It’s important to mention that you need to be conscious of your own biases and blind spots. When you’re deep in the trenches, it’s easy to miss things that someone looking at the situation from a distance would more likely see. Finding a good mentor can help significantly in this area.


This is where we start to evaluate the specific strategies we will use, within the concepts bucket, to produce a return on your investment.

So if we continue with the real estate example, then we will now decide what real estate investing strategies to leverage within the context of the other higher level concepts that guide our decisions.

A few examples of strategies you might consider could include wholesaling, flipping, buy and hold, or new development. Do you need more growth in your estate planning blueprint or is current replacement income of more value because you are preparing to exit your business or practice? 

What you’ll do here is determine which strategy (or strategies) best align with your goals and situation, inside the context of the concepts you chose earlier. In the world of investing, there is a virtually unlimited number of potential strategies you could consider, so be sure to invest enough time to thoroughly evaluate your options.

Some of the factors that may come into play when choosing a strategy might include:

  • Tax implications
  • Return on investment
  • Liquidity
  • Risk levels
  • Timeframe
  • Market cycle
  • Growth vs. income

And as with concepts, once you’ve chosen your investing strategies, you can ignore everything else that isn’t in alignment. But keep in mind that you need to choose carefully because if you need to change direction later, you’ll have to rebuild not only your entire strategy, but also all of the tactics that are built to support that strategy.


While tactics are (or should be) the last level of decisions, this is where most people focus first, which puts them at a huge disadvantage to people who start with concepts, followed by strategies, before finally moving to tactics. That’s because the tactics used to achieve a particular goal may work well within one strategy, but abysmally within another. But don’t get the wrong idea here—tactics are just as important as concepts and strategies. Remember, these filters are less about hierarchy and more about context.

Once you get to this point, you’ll need a certain level of technical skills to execute the tactics you’ve chosen.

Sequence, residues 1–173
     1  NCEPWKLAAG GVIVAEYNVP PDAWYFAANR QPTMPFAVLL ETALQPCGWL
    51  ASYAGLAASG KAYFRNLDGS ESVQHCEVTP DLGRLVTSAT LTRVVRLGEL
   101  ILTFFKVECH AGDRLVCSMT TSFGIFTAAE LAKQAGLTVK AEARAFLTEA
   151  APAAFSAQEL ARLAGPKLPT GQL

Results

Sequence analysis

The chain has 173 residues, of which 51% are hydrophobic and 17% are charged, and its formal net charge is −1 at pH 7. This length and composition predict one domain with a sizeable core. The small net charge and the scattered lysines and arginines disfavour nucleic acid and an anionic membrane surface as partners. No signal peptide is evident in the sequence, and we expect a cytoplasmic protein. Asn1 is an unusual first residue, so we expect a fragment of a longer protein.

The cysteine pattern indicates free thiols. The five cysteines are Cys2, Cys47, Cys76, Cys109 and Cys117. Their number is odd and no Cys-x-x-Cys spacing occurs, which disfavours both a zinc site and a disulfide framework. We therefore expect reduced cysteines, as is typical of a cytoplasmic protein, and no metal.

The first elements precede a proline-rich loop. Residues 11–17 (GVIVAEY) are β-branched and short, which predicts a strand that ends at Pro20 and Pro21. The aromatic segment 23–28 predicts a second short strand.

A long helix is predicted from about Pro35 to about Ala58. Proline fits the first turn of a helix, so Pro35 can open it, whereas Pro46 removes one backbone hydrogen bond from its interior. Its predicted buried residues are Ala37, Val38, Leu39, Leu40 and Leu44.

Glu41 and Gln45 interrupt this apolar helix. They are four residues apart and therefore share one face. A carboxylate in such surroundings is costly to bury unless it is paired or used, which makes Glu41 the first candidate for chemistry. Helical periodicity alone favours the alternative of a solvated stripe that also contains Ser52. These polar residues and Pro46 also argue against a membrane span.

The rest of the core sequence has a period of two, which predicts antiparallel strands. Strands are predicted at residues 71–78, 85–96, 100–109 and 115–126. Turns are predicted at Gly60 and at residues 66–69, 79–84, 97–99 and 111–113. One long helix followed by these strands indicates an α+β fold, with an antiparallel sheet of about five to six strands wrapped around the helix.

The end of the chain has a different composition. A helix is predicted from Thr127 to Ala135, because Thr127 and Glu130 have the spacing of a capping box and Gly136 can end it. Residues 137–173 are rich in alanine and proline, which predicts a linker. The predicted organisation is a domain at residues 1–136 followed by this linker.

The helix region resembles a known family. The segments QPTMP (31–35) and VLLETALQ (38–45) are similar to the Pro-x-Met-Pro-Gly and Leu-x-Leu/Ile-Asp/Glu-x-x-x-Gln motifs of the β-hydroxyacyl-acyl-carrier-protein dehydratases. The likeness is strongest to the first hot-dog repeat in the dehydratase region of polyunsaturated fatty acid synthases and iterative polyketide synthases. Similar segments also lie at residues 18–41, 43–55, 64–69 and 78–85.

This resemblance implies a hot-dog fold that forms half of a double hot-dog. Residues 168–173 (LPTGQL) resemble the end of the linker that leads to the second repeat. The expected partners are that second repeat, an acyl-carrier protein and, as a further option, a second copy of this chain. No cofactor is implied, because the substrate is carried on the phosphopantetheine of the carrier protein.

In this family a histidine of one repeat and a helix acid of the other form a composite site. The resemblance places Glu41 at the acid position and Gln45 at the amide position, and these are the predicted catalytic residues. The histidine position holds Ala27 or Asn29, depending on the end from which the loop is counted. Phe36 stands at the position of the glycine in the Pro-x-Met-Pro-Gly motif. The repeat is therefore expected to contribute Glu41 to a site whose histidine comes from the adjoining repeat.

For example, you may need to develop the ability to more effectively and accurately conduct due diligence if your strategy is to buy and hold residential properties. If you're planning to use that same strategy for commercial properties, however, you’ll likely also need to develop the ability to analyze the business environment as well, because your potential tenants, business owners, are on the front lines and will be the first to be affected by the market’s ups and downs.

Some examples of skills necessary to successfully execute at the tactical level of decision  making might include:

  • Analyzing individual deals
  • Analyzing the market as a whole
  • Generating leads for dealflow
  • Minimizing purchase price
  • Maximizing sale price
  • Structuring complex deals
  • Evaluating a deal sponsor or operator

The decisions you make here will be about the day-to-day, operational side of planning, analyzing, and executing your investment opportunities.

It’s also important to understand what skills will be needed for your tactics, and then determine first whether you have them or not, and then if you don’t, determine whether it makes more sense to develop them yourself or outsource parts of these tactics to someone who already has the appropriate skillset.

Conclusion: An effective framework leads to better and more consistent financial decisions

Financial freedom requires consistently making effective investing decisions within the context of concepts, strategies, and tactics. The compound effect of creating a plan around well-thought out concepts will exponentially magnify your results over time. This is a hard-fought, but worthwhile battle, and following a proven framework is a surefire way to get it right and not live with the regret of good intentions that never quite worked out.


Dr. David Phelps created Freedom Founders to help its members achieve the freedom they wanted in their lives by building the necessary financial foundation. He is a noted financial expert who is regularly cited by the media, and recently helped the FL Dept. of Education develop its new financial literacy curriculum.

© 2024 Newsmax Finance. All rights reserved.

One of the questions I get asked the most is, "How do I know what to invest in," and while I appreciate the sentiment here, that is almost always the wrong question.
financial, goal, retirement, investing, strategy
Wednesday, 29 May 2024 06:11 AM